Tuesday, January 5, 2010

Wrong Food: Candied Yams

Buffy: It *is* a sham. But it's a sham with yams. It's a yam sham. 
Willow: You're not gonna jokey-rhyme your way out of this one. 
(Buffy the Vampire Slayer, Season 4, Episode 8, "Pangs".)

Melting butter with sugar.I like candied yams. (Sweet potatoes, to be technically accurate.) Or perhaps I should say that I like butter and brown sugar, and I like them even better when they're yam-flavored.

You might, too, so I offer my candied-yam method, extensively tested this holiday season. It's not fundamentally different from anyone else's, except possibly for the alarming amount of butter and sugar, and the long slow cooking. Well, and the lack of marshmallows.
The steps are:
  • Boil raw yams in a pot large enough to submerge them (cut them in large chunks if you have to) until you can stab them with a fork with only mild difficulty. The yams will still be fairly raw.
  • Cool the yams long enough to allow you to rub off the skin.
  • Slice the skinned yams in flat slices roughly three-quarters an inch thick. If the yams are pretty big, cut these slices in half. If they're huge, quarter them. The more surface area, the more space for the butter and sugar to soak in.
  • Lay the yams flat, in single layer, in a baking pan. (Or two or three baking pans - the single layer is essential.)
  • Dot the yams with butter chunks roughly the size of a pea, each chunk a couple of inches away from the next chunk. Alternatively, you could grate plenty of frozen butter across the top of the yams.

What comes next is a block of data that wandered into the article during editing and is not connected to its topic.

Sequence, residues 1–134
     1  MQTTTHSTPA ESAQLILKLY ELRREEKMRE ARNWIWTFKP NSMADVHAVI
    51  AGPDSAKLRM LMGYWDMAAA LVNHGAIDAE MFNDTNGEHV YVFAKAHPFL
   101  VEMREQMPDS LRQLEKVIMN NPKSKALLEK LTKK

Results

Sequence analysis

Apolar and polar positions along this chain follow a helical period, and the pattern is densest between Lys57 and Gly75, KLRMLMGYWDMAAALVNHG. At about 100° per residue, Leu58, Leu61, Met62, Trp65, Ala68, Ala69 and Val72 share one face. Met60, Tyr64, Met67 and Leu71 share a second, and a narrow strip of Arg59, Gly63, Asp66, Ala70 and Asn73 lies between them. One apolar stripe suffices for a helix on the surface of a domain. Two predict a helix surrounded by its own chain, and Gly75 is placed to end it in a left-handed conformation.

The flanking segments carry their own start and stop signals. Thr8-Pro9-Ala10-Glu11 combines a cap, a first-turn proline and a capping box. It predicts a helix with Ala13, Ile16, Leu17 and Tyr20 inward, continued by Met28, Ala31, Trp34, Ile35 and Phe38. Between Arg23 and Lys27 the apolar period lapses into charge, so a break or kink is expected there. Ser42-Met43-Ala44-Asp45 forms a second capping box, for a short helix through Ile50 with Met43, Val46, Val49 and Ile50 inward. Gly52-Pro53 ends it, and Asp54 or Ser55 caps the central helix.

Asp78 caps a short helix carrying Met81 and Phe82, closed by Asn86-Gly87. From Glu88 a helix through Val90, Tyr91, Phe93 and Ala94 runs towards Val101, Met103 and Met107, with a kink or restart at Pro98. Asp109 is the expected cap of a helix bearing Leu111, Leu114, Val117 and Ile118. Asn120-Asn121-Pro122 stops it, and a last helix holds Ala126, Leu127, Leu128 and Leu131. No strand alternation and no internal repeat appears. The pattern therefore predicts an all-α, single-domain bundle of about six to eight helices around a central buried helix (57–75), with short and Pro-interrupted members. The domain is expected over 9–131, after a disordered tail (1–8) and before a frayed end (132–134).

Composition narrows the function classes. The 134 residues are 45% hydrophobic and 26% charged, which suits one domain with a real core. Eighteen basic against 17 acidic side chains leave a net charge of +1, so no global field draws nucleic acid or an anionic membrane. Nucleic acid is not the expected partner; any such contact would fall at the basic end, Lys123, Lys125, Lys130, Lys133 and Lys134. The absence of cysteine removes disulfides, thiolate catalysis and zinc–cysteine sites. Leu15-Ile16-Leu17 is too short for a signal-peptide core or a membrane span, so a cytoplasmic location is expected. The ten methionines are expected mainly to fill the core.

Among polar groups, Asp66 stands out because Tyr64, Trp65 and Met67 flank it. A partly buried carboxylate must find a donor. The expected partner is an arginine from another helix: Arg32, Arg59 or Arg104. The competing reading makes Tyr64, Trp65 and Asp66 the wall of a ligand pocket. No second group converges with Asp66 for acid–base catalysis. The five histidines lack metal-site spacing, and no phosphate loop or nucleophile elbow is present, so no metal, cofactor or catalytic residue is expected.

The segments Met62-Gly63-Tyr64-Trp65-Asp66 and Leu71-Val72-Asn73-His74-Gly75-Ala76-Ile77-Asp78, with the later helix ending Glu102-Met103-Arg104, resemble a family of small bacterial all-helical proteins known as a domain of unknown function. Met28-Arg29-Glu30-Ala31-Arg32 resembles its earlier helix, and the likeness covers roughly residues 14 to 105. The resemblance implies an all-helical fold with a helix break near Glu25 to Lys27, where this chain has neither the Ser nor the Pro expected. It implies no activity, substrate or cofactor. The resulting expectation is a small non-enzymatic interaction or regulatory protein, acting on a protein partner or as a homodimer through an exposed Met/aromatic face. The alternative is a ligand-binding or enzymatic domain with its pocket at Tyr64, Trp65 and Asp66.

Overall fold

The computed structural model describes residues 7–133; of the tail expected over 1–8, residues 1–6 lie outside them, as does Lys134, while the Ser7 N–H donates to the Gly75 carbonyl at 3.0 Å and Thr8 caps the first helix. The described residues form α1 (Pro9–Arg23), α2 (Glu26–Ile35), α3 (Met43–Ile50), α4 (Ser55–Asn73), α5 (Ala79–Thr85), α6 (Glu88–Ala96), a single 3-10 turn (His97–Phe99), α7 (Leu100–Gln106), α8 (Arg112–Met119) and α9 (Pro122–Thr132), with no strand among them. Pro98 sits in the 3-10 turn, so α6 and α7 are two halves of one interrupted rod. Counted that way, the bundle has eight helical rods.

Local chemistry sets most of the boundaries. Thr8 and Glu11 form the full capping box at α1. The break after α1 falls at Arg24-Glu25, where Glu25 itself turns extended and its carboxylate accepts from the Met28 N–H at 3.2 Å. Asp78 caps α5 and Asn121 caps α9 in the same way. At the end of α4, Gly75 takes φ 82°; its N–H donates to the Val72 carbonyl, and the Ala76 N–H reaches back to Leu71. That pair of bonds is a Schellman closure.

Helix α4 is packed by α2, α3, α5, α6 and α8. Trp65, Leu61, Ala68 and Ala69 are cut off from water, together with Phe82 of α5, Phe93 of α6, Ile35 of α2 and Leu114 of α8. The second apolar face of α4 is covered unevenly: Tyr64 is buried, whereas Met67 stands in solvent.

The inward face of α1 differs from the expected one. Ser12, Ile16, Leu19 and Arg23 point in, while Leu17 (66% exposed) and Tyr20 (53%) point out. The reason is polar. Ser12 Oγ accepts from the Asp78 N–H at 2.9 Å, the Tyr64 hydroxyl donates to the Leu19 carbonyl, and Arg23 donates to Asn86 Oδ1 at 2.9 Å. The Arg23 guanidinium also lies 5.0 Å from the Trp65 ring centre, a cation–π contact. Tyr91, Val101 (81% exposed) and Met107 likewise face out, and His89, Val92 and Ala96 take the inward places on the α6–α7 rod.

• Sprinkle on a modest amount of salt, using a little bit more if you used unsalted butter.
  • Sprinkle brown sugar across the yam/butter landscape, so generously that you have to peer to see the orange of the yam through the sugar.
  • At this point, you can put the sugared and buttered yams in the fridge in the covered baking pans, for at least a couple of days. I put some away for a week, which is probably not a food-safety recommended practice, but they were good when I finally baked them.
  • Bake uncovered at 275 Fahrenheit, turning them every half hour or so. You can slow down on the turning when both sides are nicely coated with sugar that doesn't drip off. 
  • Keep baking until the butter/sugar has boiled down to thick syrupy goo and the yam slices are getting just a little bit wrinkly. The longer and slower they're cooked, the better; 275 is just the lowest temperature that I have the patience for. I think that the baking takes about two hours, but don't count on that - keep an eye on them.
This is a nice low-maintenance way to cook yams, until the very end, when they're prone to go from wrinkled gooey perfection to a blackened mass of fibrous sugar in minutes. Keep a careful eye on them at this point, and if you have more than one pan, check each pan - the pan type and the rack that they're on can make a big difference in how fast they're done.

Those yams that I left in the fridge for a week candied up better than any I've made before. My theory is that the half-cooked yam slices shed much of their water - when I pulled the baking dishes out of the fridge, there was a fair bit of water and dissolved brown sugar on the bottom of the pan. I'm guessing that this gave me a head start on whole yam-wrinkling process. I'll test this theory next time, leaving a pan in the fridge for a day or two.

Yams. Mmmmmm.

Photo by Jessica Merz. Wikimedia Commons.
Sugar photo by DO'Neil. Wikimedia Commons.


  1. Wow. Okay I just found this blog of yours, and I love cooking, love yams, love Buffy.

    You had me at "yam sham."

    Love it!

  2. Yay! Thanks!

    I'm seriously considering a Wrong Food Dinner tomorrow of yams and fried chicken wings. (Yams and Chicken Chips would probably be going overboard.)

  3. I bet you could put buttter and brown sugar on anything and it would taste good. I think I'm having a craving for a sweet potato for diner.

  4. Welcome, Bo! Yep! It's really all just an excuse to eat the butter and brown sugar. Excuses in the kitchen are good. :)